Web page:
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WRT the Chinese in particular, perhaps they just didn't care. They could buy their trepang from the people who harvested it, just as the could sell silk to merchants, without caring where the trepang came from, or where the silk went. With very few exceptions (such as Zheng He) the Chinese didn't do exploration, and certainly not the organized "...


2

Most probably this is good old plain racism and motivated reasoning: When 'discovered' by European settlers — in the 18th and early 19th century — such artifacts of the 'mound builders' clearly show some form of 'advanced civilization' and sophistication. So, surely, nothing the barbarous Indians could have ever accomplished. Some European nobleman just must ...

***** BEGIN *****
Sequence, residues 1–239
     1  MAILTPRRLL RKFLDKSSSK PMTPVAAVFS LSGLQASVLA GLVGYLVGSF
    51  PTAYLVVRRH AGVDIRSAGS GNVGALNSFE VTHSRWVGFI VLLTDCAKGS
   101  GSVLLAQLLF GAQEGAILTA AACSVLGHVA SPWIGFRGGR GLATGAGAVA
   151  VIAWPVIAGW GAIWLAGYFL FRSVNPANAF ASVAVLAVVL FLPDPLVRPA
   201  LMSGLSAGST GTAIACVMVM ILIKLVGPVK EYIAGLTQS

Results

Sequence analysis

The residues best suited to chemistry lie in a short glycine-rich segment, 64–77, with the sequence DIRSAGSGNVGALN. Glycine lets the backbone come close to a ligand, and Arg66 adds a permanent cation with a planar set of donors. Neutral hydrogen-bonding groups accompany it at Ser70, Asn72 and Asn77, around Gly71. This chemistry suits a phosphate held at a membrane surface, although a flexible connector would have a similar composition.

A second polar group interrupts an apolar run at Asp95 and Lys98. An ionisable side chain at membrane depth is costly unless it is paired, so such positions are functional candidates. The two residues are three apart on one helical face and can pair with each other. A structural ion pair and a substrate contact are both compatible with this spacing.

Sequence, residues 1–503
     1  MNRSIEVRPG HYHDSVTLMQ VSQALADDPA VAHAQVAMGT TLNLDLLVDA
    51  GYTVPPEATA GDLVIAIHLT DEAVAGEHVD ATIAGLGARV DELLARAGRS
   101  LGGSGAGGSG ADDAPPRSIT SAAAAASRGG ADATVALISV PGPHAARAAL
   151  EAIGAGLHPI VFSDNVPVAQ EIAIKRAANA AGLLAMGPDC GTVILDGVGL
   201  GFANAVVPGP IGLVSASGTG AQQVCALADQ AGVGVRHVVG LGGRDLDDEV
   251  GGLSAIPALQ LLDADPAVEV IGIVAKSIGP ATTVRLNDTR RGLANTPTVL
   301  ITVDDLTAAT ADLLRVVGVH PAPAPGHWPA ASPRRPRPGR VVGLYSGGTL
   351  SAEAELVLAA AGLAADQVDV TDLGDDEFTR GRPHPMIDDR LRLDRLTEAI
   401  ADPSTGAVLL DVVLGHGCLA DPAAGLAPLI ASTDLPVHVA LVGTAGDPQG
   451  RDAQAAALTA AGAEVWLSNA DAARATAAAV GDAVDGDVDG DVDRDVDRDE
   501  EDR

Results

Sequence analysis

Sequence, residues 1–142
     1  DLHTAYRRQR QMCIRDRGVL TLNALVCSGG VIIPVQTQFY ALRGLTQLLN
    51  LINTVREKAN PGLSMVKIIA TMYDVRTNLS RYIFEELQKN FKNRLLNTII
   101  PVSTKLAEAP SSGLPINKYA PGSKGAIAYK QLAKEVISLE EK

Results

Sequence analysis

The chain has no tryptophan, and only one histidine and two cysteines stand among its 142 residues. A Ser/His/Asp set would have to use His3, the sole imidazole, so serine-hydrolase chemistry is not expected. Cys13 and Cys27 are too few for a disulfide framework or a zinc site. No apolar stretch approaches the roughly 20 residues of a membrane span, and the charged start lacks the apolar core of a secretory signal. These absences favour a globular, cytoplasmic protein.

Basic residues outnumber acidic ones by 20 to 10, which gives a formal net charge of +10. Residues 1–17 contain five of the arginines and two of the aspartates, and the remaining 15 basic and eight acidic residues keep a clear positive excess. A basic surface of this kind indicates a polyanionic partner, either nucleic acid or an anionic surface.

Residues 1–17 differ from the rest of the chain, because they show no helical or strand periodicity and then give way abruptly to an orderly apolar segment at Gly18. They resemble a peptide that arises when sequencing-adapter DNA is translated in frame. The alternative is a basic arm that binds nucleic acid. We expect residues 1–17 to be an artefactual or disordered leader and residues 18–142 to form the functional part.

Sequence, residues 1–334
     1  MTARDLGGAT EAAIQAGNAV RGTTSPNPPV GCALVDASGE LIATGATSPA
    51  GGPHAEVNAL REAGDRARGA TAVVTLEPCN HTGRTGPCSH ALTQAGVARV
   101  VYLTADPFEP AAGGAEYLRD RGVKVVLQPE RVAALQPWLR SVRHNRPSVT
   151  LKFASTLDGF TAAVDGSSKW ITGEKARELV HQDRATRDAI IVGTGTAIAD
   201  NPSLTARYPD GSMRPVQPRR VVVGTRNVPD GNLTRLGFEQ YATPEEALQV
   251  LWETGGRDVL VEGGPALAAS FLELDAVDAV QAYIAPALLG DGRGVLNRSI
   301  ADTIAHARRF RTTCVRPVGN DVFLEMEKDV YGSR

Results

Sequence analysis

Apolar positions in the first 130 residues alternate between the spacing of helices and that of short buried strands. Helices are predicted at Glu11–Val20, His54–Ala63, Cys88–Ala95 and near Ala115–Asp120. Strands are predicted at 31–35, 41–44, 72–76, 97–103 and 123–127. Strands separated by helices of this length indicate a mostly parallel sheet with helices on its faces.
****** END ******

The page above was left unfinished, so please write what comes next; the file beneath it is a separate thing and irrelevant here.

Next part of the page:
1

Geographic discovery like that of Australia is also political and was done by states. We have to think in terms of political authority. Who would have been interested in Australia and what Australia would have meant to (and be called by) them. the Chinese themselves and other Asians never picked up any awareness of Australia's existence. There's no ...


1

I think the answer can best be understood by taking from the point of view of the people on the ground at the time: All they knew is that there were a few products of minor value to be gotten from a land located well beyond many other equally large (as far as they could tell) islands. We know they were knocking on the door of a whole continent. But as far ...


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